Every semester I face a dilemma: If I give answers, students are more likely to accept them, or say they accept them, because I, the professor, have made a case for them. And that is likely to rub off onto their faith—which means it is no faith at all. If I do not give answers, whatever philosophical answers students adopt will belong to them. That, too, rubs off onto faith.
The risk, of course, is that some students will change their minds about long-held beliefs. But the reward is that other students will find the faith they thought they had. College students want to figure things out on their own, and they would rather run the risk of being wrong than give up that desire.
Besides, it is better for them to experience what real life is like, where the answers are not given—actually, where numerous competing answers are given and one must determine which are right. Students cannot be prepared for that if they develop a mindset of simply ingesting what their professors give them.
I was bubbling at Clark Street and Belmont Avenue in Chicago with a carload of students when a couple of former Trinity College students walked by on the other side of the street. I waved them over. After exchanging hello’s, one of them who had taken my Introduction to Philosophy class some years earlier said, “I remember that class. That was where I lost my faith.”
“Oh,” I said.
“I lost my childhood faith and got one of my own.”
“Ah!” I replied, with a big smile on my face.
And now I reveal a long-kept secret, one that I have divulged to only one or two others during the last thirty years. I am an evangelist. I do not come in the front door openly proclaiming the truth of Christianity, but unobtrusively slip in the back door asking questions. Some students, I am sure, leave Trinity College wondering whether they can keep their childhood faith, but others own it for the first time.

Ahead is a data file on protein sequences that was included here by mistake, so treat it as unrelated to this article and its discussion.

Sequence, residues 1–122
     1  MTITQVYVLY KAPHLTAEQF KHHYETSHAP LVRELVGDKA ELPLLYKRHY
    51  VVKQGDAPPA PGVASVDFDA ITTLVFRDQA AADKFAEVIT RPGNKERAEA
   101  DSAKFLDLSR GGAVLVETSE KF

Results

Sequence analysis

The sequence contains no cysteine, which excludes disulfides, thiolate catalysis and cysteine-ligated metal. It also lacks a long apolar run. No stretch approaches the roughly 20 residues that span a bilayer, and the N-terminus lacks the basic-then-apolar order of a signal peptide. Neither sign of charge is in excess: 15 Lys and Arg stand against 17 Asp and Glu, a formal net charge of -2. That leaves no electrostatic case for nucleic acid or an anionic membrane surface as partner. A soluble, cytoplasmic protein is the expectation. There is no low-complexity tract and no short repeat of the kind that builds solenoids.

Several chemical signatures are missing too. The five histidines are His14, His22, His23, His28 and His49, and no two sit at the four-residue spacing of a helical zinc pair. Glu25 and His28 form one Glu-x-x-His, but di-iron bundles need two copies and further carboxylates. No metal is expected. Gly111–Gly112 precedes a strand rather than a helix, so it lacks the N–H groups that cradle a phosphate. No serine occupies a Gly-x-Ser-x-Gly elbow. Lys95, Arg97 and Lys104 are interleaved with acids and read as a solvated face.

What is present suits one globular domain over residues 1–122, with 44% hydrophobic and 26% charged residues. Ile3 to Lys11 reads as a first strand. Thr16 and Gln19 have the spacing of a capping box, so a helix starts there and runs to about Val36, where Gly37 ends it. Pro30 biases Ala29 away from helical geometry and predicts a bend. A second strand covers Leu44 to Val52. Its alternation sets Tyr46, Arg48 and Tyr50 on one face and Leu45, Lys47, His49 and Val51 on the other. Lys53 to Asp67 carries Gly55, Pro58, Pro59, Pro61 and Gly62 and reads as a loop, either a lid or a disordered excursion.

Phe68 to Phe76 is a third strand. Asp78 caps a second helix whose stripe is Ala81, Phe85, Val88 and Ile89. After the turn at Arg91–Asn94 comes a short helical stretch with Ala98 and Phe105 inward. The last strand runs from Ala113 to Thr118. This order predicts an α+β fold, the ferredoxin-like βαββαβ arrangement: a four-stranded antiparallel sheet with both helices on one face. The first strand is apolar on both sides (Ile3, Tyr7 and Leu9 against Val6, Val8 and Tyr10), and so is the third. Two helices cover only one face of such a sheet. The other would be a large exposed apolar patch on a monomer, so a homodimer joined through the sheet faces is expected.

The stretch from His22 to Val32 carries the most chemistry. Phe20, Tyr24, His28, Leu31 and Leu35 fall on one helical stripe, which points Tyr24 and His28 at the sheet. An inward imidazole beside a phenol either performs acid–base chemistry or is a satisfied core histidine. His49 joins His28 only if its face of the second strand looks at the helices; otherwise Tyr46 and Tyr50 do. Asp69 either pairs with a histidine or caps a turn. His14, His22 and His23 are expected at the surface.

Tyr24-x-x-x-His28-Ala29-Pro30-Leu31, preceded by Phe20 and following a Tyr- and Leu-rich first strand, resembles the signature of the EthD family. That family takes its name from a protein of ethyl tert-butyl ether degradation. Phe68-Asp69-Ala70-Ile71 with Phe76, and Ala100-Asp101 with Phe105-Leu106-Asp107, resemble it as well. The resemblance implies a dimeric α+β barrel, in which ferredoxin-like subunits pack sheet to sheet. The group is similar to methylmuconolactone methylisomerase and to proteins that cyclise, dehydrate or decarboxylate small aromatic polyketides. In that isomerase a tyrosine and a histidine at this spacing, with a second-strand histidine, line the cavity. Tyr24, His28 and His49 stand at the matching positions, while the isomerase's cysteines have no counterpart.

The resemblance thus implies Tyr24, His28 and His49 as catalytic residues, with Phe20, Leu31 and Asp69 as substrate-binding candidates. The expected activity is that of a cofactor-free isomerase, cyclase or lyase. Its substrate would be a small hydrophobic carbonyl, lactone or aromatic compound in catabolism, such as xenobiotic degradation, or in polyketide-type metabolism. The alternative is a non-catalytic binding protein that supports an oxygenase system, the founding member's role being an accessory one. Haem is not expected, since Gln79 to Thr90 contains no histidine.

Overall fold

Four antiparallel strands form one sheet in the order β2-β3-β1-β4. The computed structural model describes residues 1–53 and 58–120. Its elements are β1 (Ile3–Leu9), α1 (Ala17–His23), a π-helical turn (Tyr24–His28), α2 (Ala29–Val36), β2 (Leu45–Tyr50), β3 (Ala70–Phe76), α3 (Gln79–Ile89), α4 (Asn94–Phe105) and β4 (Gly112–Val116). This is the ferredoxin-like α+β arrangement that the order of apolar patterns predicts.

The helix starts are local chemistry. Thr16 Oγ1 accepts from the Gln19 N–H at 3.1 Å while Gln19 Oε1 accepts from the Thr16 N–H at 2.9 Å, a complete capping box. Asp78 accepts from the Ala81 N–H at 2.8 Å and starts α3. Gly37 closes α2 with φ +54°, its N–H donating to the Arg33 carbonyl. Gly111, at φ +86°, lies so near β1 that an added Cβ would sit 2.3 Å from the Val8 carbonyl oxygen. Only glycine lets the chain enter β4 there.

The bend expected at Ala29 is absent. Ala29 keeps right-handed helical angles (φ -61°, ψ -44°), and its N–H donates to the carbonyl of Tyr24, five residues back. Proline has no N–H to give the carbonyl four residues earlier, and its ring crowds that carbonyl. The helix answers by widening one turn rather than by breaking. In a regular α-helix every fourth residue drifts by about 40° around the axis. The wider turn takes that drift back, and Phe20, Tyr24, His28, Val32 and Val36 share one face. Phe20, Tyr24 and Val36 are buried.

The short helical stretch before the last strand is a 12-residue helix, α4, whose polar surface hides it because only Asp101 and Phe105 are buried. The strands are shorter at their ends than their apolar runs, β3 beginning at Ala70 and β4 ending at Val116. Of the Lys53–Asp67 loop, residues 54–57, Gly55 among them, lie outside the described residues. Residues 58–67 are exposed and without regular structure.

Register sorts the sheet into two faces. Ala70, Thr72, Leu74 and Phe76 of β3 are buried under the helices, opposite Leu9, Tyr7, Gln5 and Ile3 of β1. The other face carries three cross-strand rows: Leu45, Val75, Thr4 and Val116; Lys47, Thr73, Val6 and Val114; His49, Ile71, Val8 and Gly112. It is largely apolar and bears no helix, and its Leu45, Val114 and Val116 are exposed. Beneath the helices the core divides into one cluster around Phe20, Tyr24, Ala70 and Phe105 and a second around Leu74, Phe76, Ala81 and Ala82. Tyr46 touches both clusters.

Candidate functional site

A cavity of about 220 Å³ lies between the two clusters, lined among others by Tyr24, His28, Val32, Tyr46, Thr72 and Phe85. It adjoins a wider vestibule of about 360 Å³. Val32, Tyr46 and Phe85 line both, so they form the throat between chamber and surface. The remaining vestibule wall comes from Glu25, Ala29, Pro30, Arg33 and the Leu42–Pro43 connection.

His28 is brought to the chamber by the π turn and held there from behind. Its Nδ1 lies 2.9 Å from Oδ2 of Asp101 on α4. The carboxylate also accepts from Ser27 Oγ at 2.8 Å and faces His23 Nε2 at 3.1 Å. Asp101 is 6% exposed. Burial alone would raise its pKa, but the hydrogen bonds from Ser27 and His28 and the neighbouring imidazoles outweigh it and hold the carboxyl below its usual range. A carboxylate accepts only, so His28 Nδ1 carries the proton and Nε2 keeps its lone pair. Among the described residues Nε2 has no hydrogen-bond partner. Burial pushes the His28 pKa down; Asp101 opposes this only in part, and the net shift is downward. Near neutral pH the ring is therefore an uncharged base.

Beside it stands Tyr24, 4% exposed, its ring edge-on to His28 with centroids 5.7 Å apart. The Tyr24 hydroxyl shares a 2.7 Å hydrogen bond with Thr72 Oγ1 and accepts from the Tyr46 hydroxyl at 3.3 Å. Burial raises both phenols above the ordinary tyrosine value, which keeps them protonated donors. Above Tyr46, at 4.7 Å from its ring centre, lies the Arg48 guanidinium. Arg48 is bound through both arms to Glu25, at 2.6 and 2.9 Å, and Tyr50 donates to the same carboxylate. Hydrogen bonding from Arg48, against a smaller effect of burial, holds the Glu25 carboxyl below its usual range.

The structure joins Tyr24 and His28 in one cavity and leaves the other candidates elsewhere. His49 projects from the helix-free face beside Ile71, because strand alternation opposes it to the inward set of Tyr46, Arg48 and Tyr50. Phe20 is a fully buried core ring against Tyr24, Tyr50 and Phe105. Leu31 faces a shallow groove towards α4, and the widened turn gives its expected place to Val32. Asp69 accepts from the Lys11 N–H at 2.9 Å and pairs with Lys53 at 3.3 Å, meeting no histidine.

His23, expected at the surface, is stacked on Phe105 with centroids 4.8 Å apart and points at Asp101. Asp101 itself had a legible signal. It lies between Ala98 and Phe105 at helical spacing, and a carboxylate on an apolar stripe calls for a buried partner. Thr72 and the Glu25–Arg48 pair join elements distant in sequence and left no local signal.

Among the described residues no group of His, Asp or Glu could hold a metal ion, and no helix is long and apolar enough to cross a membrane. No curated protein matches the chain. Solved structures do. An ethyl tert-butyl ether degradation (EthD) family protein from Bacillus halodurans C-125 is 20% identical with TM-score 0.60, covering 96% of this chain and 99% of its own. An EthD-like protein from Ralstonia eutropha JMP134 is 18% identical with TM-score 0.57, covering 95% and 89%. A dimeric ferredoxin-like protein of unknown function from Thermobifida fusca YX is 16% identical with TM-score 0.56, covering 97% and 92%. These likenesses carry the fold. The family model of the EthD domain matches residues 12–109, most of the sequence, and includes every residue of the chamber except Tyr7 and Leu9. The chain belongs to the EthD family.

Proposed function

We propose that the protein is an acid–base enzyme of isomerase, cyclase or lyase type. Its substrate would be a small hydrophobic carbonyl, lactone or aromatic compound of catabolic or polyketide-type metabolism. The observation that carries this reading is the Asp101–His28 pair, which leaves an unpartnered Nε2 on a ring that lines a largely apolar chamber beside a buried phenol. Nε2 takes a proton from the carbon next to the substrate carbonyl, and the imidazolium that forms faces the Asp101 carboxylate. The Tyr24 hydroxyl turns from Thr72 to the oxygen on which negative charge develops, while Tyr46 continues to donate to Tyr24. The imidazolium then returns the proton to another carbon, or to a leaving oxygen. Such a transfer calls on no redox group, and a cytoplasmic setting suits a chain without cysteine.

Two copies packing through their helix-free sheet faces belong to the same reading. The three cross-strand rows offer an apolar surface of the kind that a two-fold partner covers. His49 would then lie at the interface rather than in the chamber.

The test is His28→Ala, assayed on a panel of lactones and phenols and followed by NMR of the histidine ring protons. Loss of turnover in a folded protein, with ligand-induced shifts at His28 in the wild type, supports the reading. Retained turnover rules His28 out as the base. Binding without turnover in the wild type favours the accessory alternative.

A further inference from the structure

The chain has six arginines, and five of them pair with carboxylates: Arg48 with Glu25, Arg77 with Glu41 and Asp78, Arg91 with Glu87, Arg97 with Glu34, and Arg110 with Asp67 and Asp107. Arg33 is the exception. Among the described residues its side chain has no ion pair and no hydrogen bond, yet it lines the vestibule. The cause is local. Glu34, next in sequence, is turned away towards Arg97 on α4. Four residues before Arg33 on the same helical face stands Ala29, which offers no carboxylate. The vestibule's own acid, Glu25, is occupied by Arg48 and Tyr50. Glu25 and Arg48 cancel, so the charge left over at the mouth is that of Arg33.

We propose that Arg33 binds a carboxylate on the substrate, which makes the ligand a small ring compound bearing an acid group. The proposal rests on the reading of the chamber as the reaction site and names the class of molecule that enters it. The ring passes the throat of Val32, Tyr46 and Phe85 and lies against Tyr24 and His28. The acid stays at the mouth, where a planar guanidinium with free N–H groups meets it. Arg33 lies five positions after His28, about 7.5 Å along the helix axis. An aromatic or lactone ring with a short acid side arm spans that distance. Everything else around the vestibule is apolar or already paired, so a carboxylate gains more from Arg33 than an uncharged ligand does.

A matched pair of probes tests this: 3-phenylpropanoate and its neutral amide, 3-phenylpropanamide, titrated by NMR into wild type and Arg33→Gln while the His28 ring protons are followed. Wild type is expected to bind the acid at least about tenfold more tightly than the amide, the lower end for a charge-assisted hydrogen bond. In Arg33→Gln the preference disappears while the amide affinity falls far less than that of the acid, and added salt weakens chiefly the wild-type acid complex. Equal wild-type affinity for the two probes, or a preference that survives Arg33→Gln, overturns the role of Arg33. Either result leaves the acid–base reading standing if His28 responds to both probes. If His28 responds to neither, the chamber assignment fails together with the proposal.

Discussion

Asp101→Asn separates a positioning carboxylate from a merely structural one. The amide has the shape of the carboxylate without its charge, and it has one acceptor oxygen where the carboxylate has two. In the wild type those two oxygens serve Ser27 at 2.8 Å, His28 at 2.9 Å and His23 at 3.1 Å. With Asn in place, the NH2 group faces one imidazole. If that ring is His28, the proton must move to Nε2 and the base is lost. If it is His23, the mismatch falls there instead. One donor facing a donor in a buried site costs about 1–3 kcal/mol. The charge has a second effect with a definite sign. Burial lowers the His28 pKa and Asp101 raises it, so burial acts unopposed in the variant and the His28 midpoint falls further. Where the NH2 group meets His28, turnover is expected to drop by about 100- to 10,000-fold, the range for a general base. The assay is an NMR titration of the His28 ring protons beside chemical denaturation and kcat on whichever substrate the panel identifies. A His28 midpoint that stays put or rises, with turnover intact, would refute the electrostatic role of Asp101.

What I Want Students to Do
I want students to think for themselves. I want students to care about their faith. I want students to become passionate about learning and also about living. I want students to learn to listen. I want students to blow bubbles and swish in the fall leaves. I want students to sit on the sidewalk beside a homeless person on a busy Chicago street. I want students to remember kind eyes that gazed into theirs. I want students to dream. I want students to feel more keenly the magnificence and tragedy they encounter.
Five years ago the alumni director at Trinity College asked me to say a few words at an evening homecoming dinner for college alumni. I composed a poem for the occasion, “Remembering 25 Years of Extracurricular Teaching,” but the emcee forgot to call on me. Here are the last two verses of that forgotten poem:
I decided a couple of weeks ago, again,
That I like the teaching life—
Interaction with students in class and out,
Reading, writing, staring out the window.
I may just get so caught up with it that,
Like the history professor in the fifth
Harry Potter book who was so busy teaching
He didn’t notice he had died,
I, too, will keep right on teaching
And not notice when I have died.
Sayings of a Mad Professor
Good: “Live as if it is your last day.” Better: “Live as if it is your first day.”
Don’t try to change the world—that is too big and abstract. Don’t even try to change individuals—they won’t like it and will resist you. Rather, change yourself, and others will change as a result.
Text a friend, “Good morning,” some random day.
Do you want to love God? Then keep your heart open to your neighbors’ tears and smiles.
When you are with someone, be with them.
1 Wendell Berry, “Manifesto: The Mad Farmer Liberation Front,” in Wendell Berry, Collected Poems: 1957-1982 (New York: North Point Press, 1984), pp. 151-52.
2 From Mary Oliver, “The Sweetness of Dogs (Fifteen),” Swan: Poems and Prose Poems (Boston: Beacon Press, 2010), p. 23.